Recruiting Mailbag, 10/24: Georgia’s Emergence, The Negatives of the 9/1 Start For Juniors, Coaches’ Opinions Of The New Rules

DK2mDhDUMAA3WfX.jpg
I’ve been having a blast over the past two weeks taking questions via e-mail and direct messages on social media. I can assure you that I’ll get back to everything by the end of the week, even if it’s not picked to be answered for mailbag features. As a reminder, highlight reels are reserved for e-mail at tyxanders@gmail.com, but any questions/tips are best for my DM’s on Twitter, while new commitments can be submitted with confirmation at this link.

This week’s mailbag delves into two questions concerning the new recruiting rules as well as a look at Georgia, a growing lacrosse hotbed. There’s a whole lot of great content on Recruiting Rundown this month, so take a look at that along with our list of events that we’ll be covering between now and the holiday season. 

Mailbag, 9/27: Maryland’s Recruiting, Emphasizing Showcases, Ivy Verbiage 

Introducing The LI Elite 80 on 11/4, Bolstered by Division I’s Top Head Coaches
No. 30 Junior Cam Henry’s Discusses His Decision To Attend Duke
Recap Of the Pursuit, Put On By FCA To Develop Players On & Off The Field
Mailbag, 10/16: My Thoughts on Poaching, The Benefits of a PG Year, 2020 Recruiting

-I am curious as to how you think recruiting rules will evolve over time. As a father of a current sophomore who plays football, I think the sport is missing out on the summer period for kids to talk schools… What are your thoughts on the feasibility of a 6/1 start for conversations versus 9/1? My view is that 9/1 limits kids who play a fall sport as they can only really visit on Sundays in the fall, but interested in your view here  -Jerry in North Carolina

I’ve talked at length about many of the positives of these new recruiting rules. Let’s be real, there aren’t many negatives. However, this is certainly the biggest (if not the only) drawback: the September 1st start date absolutely negatively affects multi-sport athletes when it comes to being evaluated by coaches and ultimately visiting the college campuses. To answer the first portion, the NCAA shocked us all by passing a lacrosse-only rule and I don’t see them amending it anytime soon, if at all. They’ve probably done enough to combat early recruiting, so change may not be feasible.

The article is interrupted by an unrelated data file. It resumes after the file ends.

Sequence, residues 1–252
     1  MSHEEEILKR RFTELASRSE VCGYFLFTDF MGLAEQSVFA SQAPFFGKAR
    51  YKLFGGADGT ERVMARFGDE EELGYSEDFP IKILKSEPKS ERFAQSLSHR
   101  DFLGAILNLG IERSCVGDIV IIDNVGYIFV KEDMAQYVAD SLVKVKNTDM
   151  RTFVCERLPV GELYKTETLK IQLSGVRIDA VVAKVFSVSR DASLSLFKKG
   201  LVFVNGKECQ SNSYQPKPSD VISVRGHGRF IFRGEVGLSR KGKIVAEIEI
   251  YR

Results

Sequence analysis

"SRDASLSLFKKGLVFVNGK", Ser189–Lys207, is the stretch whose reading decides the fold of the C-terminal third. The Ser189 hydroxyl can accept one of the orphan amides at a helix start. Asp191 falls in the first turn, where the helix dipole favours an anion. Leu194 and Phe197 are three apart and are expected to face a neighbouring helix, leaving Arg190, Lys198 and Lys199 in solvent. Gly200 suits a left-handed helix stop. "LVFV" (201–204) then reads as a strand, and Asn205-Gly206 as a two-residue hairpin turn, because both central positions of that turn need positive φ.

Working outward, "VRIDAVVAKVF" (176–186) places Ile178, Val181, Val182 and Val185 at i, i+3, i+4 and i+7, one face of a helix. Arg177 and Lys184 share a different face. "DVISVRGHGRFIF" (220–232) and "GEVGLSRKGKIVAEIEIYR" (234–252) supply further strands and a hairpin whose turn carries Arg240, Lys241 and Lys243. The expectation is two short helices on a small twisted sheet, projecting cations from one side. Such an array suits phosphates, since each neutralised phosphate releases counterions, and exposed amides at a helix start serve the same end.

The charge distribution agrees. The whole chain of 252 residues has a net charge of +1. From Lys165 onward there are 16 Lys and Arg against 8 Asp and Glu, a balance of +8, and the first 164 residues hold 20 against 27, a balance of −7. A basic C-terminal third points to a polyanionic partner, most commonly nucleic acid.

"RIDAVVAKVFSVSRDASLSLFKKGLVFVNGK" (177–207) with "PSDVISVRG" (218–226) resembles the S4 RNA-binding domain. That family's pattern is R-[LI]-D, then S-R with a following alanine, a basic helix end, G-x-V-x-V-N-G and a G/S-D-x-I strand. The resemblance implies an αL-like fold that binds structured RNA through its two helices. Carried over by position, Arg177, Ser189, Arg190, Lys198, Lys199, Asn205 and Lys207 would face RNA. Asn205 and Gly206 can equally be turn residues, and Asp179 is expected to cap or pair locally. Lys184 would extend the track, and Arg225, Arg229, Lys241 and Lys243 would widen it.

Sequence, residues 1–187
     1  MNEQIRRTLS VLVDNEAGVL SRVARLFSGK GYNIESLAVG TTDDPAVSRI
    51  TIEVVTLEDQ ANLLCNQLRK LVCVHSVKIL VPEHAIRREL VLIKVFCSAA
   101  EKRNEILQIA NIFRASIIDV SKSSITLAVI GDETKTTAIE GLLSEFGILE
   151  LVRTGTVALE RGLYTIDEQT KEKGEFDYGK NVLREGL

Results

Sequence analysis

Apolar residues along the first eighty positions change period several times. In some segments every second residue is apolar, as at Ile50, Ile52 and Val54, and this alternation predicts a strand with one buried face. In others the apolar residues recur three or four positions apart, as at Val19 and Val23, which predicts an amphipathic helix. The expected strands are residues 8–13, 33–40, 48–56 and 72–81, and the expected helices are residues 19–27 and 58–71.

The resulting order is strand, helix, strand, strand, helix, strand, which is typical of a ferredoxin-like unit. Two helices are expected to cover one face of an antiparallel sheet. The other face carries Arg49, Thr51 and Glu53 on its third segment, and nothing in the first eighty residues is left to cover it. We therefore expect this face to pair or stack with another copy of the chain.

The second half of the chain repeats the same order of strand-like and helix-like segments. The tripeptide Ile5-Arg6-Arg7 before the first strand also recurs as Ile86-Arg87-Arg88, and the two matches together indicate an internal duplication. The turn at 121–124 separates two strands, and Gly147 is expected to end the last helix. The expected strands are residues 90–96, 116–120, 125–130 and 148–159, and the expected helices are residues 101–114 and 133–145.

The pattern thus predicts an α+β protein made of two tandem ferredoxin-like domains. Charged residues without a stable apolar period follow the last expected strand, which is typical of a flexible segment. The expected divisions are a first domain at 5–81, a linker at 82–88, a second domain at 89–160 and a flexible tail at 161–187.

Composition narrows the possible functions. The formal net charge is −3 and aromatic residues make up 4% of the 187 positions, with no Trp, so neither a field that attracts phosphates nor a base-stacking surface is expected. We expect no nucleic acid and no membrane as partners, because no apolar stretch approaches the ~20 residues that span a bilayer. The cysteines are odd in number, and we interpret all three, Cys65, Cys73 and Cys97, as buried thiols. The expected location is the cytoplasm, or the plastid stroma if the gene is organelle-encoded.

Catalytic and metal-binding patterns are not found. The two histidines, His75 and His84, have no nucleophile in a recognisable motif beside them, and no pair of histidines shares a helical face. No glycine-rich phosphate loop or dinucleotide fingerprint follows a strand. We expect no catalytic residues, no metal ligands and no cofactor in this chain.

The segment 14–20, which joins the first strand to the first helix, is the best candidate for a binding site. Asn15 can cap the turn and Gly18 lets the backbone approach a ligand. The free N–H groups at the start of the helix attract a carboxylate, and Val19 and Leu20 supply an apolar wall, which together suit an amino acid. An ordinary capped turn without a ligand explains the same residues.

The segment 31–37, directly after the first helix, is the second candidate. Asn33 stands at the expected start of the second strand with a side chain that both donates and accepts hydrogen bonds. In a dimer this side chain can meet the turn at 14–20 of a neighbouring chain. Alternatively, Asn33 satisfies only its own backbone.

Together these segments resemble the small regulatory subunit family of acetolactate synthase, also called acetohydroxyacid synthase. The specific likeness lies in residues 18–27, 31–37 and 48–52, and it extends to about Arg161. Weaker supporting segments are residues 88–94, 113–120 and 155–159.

Before I get into more detail, it’s a given that we have to applaud the IWLCA (the women’s side deserves so much credit) and IMLCA, in addition to US Lacrosse, for pushing this and ultimately having it pass. It may even be nitpicky to some that we have to criticize any aspect of it. At the end of the day, the current climate is 100 times better than what we have experienced over the last five years with early recruiting.

It would have been awesome if we had a summer start date for contact between juniors and coaches, just as an initial way to build relationships and feel out the two-sided interest level before August’s much-needed quiet and dead periods. When it comes to actually visiting the programs, I go both ways in terms of my belief of when that process should begin. Visiting schools during the summer is advantageous for timing reasons – players and families are already out traveling for the recruiting circuit and school isn’t a conflict. At the same time, just about anybody will tell you that it is best to visit while class is in session to see what the campus is like with the students and lacrosse players on campus. That’s extremely beneficial so that players can see how they would fit in, plus it’s even more vital with these new rules due to the fact that visiting juniors/seniors will actually be on the same roster with the guys on the current roster. During the early recruiting period, HS freshmen were spending time with players they would never be on the same team with. What does that do?

Moving onto the fall & winter sports aspect, there’s no doubt that it gets tricky for multi-sport athletes to visit these campuses… along with balancing the rigors of junior year academics. A lot of schools, states and coaches differ on practices and games, though almost all of them end up holding games and/or practices on Fridays and Saturdays. Of course, it’s also hard (near impossible, quite frankly) to balance fall sports with the November circuit, a time hugely important to jumping onto the radar of college coaches. That doesn’t leave much time for college visit and commitments, so I’d expect several more of those in months like January and February in comparison to the past.